Islam and the Burden of Literalism
At present, much of the so-called Islamic world is engaged in an urgent struggle to define itself. While the Western media is replete with images which link Islam with terrorism and violence, and while Islamic thought and practice in some countries has been dominated by various groups claiming to be “fundamentalist,” there are serious scholars and theologians – in both Eastern and Western countries – who are attempting to combat the clouded portrayals of Islam issuing from both ignorance and blind obedience to fanatical leaders. One of the central concerns of the scholars is the need to engage in a re-reading of the various “texts” that form the core of Islamic doctrine and practice: the Qur’an, the sunnah or example of the prophet Muhammad, the Hadith or sayings of the prophet, the tradition of Shari’ah or Islamic law, and other crucial concepts such as ijtihad or independent reasoning and ijma’ or consensus.
This paper will argue that the so-called fundamentalist versions of Islam are burdened by a literalism which has no grounding and no sanction in the sacred texts of Islam. The myth of literalism has long been exploded by various branches of philosophy and literary-cultural theory. The fundamentalists posit a primordial – and mythical – “literal” meaning of the Qur’an which has never in fact been articulated. The so-called fundamentalists wish to ignore both history and the necessity of interpretation. In contrast, the Qur’an itself, as well as the various apparatuses of Islamic interpretation (hadith etc.) explicitly acknowledge their own use of metaphor and figurative speech. This paper will analyse a few passages from the Qur’an, attempting to show that the meanings attributable to these are a product of interpretation and historically accumulated exegesis. The re-reading of the sacred texts of Islam, from perspectives enrichened by both the history of Islamic thought and more recent modes of literary-cultural theory, is one of the most urgent tasks facing the twenty-first century, and the current paper intends to make a small contribution to this large undertaking.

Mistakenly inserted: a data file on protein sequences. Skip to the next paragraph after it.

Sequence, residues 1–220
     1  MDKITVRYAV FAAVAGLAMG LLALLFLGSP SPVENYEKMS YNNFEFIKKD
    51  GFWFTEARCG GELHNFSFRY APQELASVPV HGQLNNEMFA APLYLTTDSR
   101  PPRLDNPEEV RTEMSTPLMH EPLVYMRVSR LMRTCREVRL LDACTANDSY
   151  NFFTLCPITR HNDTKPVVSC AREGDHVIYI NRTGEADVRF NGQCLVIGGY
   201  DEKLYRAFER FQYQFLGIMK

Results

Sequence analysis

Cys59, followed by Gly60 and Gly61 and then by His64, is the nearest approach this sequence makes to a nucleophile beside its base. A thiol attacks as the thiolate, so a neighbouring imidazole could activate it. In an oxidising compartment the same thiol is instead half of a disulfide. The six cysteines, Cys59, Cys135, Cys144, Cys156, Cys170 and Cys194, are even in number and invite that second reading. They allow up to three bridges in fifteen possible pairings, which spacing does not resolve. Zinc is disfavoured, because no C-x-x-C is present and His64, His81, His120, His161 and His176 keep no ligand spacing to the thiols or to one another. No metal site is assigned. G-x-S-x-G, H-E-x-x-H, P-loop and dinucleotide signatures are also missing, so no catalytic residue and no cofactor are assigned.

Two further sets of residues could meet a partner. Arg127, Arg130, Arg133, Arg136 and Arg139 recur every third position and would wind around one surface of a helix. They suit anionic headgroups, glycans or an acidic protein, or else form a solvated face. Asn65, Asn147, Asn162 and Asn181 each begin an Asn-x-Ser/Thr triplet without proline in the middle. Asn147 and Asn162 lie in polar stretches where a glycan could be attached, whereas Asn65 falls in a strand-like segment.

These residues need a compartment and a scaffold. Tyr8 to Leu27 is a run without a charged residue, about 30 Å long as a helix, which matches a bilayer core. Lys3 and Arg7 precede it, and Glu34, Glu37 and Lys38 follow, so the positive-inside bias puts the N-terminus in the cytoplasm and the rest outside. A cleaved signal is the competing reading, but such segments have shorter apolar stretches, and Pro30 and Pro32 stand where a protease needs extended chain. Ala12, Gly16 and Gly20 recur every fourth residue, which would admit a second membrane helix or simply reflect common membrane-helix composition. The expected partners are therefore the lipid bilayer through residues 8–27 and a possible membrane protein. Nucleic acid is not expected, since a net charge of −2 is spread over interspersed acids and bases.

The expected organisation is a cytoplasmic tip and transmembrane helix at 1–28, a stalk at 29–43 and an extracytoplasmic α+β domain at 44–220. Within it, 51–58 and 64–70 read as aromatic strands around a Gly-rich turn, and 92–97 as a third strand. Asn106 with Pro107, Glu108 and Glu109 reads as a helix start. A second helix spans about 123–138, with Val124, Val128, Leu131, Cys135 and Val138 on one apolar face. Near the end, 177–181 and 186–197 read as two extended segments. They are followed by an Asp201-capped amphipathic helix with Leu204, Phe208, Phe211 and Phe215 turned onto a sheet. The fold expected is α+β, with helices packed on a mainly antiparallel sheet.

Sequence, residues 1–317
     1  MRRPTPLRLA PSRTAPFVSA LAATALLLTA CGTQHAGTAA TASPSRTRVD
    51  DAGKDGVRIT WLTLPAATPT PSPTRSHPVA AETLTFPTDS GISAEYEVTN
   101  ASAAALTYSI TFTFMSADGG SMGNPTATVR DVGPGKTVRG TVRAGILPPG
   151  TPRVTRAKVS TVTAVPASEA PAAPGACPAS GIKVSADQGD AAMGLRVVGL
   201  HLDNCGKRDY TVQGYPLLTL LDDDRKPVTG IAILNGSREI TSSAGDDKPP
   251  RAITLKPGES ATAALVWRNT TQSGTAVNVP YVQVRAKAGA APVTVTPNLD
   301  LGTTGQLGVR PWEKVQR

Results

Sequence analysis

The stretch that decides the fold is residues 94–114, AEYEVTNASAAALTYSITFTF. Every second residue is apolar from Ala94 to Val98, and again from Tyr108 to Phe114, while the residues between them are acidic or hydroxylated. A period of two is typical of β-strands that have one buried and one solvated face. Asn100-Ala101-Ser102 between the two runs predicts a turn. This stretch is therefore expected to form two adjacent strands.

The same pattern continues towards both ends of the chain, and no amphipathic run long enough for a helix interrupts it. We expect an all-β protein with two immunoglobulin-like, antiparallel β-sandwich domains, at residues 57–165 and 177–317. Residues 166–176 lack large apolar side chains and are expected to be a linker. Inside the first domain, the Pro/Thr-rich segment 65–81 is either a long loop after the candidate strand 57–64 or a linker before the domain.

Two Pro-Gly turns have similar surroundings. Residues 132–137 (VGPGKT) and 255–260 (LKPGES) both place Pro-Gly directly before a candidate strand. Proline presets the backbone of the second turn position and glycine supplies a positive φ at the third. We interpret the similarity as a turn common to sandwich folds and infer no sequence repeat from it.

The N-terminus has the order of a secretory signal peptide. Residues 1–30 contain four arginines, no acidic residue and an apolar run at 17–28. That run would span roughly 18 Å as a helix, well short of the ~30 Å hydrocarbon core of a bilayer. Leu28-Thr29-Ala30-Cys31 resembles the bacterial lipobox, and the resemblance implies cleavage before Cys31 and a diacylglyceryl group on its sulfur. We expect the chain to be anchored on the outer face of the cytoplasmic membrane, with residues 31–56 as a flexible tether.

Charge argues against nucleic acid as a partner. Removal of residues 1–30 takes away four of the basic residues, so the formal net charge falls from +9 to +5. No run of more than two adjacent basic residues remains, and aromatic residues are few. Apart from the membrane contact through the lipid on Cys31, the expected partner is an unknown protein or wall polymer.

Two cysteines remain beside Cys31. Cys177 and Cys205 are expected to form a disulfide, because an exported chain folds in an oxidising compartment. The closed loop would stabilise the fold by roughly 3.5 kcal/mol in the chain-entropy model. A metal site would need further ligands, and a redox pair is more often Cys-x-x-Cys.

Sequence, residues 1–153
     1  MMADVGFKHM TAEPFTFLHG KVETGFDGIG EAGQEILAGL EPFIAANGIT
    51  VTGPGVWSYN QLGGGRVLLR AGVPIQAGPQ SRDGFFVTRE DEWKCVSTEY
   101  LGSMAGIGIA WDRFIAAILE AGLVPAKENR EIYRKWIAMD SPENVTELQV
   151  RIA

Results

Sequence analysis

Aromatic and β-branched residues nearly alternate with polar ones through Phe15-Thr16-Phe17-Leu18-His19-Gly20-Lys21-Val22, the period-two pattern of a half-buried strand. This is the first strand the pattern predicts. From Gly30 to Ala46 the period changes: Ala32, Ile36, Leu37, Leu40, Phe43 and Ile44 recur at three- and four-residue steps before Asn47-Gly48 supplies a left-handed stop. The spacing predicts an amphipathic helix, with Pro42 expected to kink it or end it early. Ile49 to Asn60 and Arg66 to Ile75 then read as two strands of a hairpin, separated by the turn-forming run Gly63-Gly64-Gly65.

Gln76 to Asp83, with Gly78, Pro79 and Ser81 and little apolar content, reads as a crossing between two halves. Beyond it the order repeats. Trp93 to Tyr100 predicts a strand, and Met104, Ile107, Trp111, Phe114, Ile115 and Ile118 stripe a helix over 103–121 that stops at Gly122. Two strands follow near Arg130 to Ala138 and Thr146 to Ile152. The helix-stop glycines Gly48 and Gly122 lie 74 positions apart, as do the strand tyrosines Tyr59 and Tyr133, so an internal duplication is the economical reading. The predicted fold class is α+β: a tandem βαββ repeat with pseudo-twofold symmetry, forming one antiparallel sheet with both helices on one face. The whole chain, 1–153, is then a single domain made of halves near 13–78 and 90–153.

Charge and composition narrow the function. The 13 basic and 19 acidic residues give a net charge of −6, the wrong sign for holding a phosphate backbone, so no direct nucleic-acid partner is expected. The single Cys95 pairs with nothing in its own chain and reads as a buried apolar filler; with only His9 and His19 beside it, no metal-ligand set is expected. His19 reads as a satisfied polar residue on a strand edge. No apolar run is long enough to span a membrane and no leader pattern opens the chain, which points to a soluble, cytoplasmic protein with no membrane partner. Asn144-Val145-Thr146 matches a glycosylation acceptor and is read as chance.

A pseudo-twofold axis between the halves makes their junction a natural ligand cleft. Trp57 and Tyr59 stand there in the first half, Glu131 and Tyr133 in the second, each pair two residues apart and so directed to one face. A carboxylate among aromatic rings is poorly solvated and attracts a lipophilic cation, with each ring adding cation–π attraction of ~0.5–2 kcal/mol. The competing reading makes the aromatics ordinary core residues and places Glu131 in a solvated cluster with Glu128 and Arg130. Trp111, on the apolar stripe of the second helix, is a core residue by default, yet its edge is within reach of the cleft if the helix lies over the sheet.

Keywords: Language, Islam
Dr. Rafey Habib
Associate Professor of English, Department of English, Rutgers University